Abstract 500: Assessing the Impact of Cardiovascular Disease-Related Genetic Variation on Clinical Cognitive Impairment
Introduction: “Cognitive impairment, no dementia” (CIND) is a prodromal stage of cognitive decline which marks the onset of dementia and is due most commonly to 1) Alzheimer disease (AD) or 2) vascular dysfunction. In order to assess the genetic component of CIND susceptibility, we investigated cardiovascular disease (CVD) and AD-associated genetic variation in CIND patients, hypothesizing that the genetic variation affecting CVD and AD susceptibility is also associated with CIND susceptibility. Methods: Our study cohort was taken from the Canadian Study of Health and Aging (CSHA) and was comprised of patients >65 years old with CIND (n=274) and matched normal controls (n=301). We genotyped ∼200,000 CVD-related SNPs using the Cardio-Metabochip genotyping array (Illumina). We also genotyped a panel of the top 11 AD-associated single nucleotide polymorphisms (SNPs) and APOE isotype. We tested for association between CIND status and genotypes using a logistic regression model adjusted for appropriate covariates. Genetic risk scores (GRSs) evaluated associations between CIND status and the accumulation of multiple genetic markers. Results: From our Cardio-Metabochip analysis, we identified 5 novel CIND susceptibility loci, with rs16901621 in FLJ22536 as our most significantly associated SNP (P=1.05E-06, OR=2.51, 95%CI=1.73-3.63). APOE ε4 isotype was modestly associated with CIND status (P<0.05), while AD SNP risk alleles were not associated (P>0.1). Conclusion: Using a high-throughput CVD microarray, we found novel genetic markers for CIND approaching genome-wide levels of significance. In contrast, known genetic markers for AD, such as APOE ε4 showed only modest associations in this cohort. Follow-up of variants in a CSHA replication cohort (n=370) is currently underway.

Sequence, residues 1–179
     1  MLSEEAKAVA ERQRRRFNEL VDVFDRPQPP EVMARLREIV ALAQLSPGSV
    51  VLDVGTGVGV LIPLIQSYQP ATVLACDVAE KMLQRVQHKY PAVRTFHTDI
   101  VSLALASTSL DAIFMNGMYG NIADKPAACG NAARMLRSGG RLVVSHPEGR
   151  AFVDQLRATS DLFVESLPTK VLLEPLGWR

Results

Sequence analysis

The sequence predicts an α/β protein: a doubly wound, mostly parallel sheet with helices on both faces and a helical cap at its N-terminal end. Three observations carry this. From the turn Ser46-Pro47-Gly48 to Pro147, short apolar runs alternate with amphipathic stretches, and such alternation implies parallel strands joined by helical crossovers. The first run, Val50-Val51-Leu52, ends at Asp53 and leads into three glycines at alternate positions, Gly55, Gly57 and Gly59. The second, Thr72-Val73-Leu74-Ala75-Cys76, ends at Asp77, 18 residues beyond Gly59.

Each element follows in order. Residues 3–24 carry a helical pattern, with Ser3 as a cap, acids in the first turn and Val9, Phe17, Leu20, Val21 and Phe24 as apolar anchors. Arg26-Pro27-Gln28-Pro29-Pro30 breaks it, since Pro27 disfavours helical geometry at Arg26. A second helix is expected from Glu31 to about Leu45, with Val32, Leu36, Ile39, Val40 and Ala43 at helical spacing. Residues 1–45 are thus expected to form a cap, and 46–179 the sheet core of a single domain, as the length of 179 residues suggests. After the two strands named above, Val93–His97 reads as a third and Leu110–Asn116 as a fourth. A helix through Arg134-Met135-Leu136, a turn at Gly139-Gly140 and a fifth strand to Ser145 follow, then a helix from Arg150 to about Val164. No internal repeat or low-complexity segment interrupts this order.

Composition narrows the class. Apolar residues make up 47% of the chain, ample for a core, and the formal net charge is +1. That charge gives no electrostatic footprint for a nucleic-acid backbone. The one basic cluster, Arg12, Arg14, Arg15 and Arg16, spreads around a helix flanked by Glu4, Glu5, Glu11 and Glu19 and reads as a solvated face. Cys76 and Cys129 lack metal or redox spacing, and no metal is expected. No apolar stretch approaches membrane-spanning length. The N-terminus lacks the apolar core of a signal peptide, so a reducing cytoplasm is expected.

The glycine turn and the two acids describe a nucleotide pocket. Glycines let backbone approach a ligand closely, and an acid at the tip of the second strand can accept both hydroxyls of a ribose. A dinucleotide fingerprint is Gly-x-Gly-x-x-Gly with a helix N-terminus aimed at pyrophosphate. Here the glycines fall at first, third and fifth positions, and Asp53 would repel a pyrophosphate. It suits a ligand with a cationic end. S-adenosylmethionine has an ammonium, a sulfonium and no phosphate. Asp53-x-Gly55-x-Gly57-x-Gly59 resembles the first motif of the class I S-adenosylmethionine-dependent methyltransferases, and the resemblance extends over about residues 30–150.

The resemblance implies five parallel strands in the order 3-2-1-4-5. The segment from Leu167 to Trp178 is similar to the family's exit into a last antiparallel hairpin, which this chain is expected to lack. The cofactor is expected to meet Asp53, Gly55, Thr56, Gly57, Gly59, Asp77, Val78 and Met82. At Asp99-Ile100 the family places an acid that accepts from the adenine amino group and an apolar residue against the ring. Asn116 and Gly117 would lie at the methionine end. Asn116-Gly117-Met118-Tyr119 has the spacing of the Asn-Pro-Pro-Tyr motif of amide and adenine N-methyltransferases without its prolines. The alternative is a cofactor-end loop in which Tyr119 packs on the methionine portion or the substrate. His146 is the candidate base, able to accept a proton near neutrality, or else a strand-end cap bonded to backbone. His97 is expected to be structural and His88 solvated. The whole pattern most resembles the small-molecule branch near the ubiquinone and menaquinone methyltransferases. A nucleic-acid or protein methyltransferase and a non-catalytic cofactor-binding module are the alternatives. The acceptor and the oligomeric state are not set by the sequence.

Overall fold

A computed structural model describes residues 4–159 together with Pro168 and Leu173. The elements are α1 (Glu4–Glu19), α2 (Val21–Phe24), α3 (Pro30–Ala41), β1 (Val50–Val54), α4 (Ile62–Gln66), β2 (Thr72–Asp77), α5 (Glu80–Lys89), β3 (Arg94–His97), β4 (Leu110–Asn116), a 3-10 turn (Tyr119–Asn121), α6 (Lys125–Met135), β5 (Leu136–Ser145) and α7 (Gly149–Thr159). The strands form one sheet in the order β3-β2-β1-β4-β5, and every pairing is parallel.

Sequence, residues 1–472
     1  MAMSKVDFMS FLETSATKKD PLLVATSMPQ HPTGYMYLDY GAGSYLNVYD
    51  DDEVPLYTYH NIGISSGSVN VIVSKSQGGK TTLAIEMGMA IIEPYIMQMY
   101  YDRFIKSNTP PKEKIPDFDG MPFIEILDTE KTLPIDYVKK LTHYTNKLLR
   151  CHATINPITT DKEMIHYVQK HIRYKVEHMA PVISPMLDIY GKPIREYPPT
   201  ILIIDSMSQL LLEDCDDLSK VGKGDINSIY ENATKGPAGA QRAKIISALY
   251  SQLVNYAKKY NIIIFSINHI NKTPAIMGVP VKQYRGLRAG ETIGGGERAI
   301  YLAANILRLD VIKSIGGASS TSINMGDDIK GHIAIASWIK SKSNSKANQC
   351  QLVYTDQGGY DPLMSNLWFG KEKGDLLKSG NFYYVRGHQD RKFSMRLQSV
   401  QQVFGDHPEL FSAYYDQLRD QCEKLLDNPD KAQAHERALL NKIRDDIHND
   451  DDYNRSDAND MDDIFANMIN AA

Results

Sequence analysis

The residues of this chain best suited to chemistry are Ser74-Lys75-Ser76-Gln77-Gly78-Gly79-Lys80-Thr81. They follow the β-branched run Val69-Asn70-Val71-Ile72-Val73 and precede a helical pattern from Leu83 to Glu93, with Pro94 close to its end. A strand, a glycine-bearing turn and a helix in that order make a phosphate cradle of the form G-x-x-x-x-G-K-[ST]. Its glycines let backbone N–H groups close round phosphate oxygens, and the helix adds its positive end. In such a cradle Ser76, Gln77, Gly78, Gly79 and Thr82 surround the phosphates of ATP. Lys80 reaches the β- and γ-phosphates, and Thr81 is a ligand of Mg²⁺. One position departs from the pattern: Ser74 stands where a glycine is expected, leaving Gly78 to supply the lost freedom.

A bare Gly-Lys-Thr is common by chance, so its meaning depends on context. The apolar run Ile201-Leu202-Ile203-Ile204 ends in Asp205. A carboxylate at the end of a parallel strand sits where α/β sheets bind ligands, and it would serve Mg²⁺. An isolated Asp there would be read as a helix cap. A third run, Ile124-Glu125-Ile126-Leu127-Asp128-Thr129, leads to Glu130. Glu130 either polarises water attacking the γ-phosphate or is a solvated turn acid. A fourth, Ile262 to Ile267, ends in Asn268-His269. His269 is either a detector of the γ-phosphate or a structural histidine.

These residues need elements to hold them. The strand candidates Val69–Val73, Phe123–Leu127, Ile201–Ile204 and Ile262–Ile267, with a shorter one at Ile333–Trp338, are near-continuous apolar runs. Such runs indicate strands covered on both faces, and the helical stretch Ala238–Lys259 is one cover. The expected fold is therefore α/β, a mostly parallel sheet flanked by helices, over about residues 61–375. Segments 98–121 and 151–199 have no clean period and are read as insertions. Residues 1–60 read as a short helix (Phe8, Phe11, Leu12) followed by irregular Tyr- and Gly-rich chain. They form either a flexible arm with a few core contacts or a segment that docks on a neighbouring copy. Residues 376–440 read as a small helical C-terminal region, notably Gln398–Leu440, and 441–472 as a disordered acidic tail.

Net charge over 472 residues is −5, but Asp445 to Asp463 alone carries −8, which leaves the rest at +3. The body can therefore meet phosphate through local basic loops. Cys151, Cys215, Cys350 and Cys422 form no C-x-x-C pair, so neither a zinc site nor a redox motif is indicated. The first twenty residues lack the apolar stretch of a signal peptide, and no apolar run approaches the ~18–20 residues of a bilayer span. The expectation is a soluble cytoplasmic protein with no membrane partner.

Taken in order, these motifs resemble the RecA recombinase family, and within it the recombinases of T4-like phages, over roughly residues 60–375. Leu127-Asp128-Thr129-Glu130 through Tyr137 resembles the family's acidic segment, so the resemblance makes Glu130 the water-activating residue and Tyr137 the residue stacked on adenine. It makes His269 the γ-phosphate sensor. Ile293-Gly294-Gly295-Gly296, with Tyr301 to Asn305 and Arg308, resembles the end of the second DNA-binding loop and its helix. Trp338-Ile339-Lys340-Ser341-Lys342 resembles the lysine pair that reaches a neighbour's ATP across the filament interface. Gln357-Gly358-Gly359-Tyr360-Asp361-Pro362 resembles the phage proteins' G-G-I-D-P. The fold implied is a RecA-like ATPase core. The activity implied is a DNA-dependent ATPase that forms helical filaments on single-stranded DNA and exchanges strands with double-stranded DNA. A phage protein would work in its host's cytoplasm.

- © 2012 by American Heart Association, Inc.